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WWII DUKWS providing rides at the 2013 MVPA Convention in Portland, Oregon.

WWII DUKWS providing rides at the 2013 MVPA Convention in Portland, Oregon.

Though hardly sleek or stylish, the hull of this truck was designed by famed yacht designer and 1937 America’s Cup winner Roderick Stephens. The automotive components were developed by GMC, based on its 2 1/2-ton, 6x6 model CCKW cargo truck. Though ungainly looking, the DUKW was outstandingly seaworthy. Though envisioned as a means to transport equipment and men from ship onto the shore, and some distance beyond, they were also used inland, notably during the crossing of the Rhine.

View over the shoulder of a DUKW pilot looking out at another amphibious vehicle in the water.

Piloting a DUKW is serious business. Treat it as you would any other watercraft. 

The DUKW was standardized in October 1942, and production began immediately at the Yellow Coach plant in Pontiac, Mich., which was also home to CCKW production.

Despite its successful demonstrations and tests, the DUKW was not fully appreciated by many in the military until after its successful use during the invasion of Sicily. After that, the DUKW’s place in history was sealed.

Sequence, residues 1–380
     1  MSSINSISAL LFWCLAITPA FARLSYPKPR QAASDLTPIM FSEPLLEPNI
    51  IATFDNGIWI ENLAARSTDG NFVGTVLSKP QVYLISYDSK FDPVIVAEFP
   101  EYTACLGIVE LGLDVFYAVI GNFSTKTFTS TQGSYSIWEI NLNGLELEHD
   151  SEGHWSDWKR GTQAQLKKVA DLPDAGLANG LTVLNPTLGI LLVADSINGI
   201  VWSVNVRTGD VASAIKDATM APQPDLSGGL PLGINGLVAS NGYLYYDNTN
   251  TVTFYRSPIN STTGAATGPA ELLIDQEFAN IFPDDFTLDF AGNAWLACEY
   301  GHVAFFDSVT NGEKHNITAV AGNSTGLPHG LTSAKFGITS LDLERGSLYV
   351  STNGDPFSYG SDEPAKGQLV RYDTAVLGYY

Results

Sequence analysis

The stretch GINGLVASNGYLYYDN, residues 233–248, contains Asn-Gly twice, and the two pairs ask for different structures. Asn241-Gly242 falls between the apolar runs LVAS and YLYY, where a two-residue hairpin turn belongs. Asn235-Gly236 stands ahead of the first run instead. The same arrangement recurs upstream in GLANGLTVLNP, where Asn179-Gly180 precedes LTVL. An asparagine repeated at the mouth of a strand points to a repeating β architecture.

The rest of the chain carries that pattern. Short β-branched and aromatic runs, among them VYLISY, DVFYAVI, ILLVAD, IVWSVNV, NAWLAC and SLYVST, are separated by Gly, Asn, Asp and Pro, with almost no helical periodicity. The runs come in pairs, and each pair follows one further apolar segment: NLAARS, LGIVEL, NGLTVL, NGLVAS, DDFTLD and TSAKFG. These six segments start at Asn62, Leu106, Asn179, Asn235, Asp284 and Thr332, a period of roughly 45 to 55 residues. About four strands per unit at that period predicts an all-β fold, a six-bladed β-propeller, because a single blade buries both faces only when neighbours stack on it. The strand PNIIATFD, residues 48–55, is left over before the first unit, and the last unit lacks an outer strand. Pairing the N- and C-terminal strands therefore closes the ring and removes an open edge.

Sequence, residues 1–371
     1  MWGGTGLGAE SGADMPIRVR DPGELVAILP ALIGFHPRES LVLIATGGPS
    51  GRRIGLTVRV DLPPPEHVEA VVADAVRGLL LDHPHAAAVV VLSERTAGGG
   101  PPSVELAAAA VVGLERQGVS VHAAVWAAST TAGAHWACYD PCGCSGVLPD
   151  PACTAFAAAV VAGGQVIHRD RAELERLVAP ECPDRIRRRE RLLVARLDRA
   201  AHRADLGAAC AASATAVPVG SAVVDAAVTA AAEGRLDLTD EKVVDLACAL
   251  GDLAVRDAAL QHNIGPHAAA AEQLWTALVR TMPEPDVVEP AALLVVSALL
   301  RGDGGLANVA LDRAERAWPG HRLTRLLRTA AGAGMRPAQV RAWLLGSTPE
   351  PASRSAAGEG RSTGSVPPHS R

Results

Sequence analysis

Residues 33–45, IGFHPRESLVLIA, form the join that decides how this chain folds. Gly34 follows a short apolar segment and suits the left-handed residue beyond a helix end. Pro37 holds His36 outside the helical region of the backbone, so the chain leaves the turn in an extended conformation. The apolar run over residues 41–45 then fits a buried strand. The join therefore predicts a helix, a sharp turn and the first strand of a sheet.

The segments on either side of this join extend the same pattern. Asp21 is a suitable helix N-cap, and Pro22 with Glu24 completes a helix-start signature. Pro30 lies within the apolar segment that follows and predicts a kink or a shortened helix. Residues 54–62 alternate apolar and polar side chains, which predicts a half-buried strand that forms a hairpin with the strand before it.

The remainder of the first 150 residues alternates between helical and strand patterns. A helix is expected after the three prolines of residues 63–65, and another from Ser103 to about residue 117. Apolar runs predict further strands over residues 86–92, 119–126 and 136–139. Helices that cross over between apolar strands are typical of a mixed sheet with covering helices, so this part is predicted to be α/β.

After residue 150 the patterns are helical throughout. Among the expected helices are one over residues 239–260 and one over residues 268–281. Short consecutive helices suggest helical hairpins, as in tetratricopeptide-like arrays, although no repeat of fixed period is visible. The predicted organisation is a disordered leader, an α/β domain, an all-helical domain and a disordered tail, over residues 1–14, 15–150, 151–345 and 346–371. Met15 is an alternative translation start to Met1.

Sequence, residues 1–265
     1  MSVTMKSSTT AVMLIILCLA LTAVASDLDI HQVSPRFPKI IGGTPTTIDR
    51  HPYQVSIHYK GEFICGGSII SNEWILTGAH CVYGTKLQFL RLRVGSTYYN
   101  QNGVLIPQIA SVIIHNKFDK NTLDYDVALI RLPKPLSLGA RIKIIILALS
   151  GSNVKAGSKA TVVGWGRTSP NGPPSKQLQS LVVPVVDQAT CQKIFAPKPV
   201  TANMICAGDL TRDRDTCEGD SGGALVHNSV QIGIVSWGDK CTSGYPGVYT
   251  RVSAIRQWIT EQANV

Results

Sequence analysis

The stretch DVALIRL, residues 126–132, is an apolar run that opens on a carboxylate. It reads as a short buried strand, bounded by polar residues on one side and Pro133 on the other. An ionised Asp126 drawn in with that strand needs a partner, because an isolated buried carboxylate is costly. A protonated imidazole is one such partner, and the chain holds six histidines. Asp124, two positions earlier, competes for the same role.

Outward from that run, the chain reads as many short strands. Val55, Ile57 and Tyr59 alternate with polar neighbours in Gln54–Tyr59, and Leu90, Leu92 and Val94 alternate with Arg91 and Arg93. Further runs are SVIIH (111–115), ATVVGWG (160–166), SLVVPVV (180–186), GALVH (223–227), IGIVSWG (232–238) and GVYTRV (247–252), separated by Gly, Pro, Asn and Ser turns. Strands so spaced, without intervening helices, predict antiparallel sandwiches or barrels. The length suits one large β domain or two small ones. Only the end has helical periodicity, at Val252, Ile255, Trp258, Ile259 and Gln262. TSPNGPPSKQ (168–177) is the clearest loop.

Demand for the DUKW became so great that a second production facility had to be added, this one at the Chevrolet plant in St. Louis, Mo. Production totaled 21,147 vehicles by the time production ceased at war’s end.

The name DUKW is an acronym resulting from GMC model code: D indicates 1942 model year design, U is utility truck, amphibious, K for all-wheel drive, W for tandem rear axles.

Because of its unique abilities, the U.S. military did not phase the DUKW out of service until the 1960s.

Weight: 14,880 pounds
Size (LxWxH): 372" x 98.875" x 106"
Max Speed, land: 50 mph
Max Speed, water: 6 mph
Range, land: 240 miles
Range, water: 50 miles

DUKW values, updated 2021

DUKW values, updated 2021

Military Vehicles Magazine uses a given a value based on a 1-to-6 condition grading scale as follows:

1=Excellent: Restored to maximum professional standards, or a near-perfect original.

2=Fine: Well-restored, or a combination of superior restoration and excellent original parts.

3=Very Good: Complete and operable original or older restoration, or a very good amateur restoration with all presentable and serviceable parts inside and out.

4=Good: Functional or needing only minor work to be functional. Also, a deteriorated restoration or poor amateur restoration.

5=Restorable: Needs complete restoration of body, chassis, and interior. May or may not be running, but is not wrecked, weathered or stripped to the point of being useful only for parts.

6=Parts Vehicle: Deteriorated beyond the point of restoration.

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